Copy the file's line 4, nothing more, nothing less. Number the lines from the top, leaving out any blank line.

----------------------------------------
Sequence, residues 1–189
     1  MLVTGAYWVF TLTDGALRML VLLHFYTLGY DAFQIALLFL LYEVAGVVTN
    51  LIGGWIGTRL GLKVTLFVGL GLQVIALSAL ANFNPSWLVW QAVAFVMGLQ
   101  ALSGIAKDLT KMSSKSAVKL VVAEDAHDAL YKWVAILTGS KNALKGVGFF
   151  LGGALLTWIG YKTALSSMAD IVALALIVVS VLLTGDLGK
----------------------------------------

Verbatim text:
   101  ALSGIAKDLT KMSSKSAVKL VVAEDAHDAL YKWVAILTGS KNALKGVGFF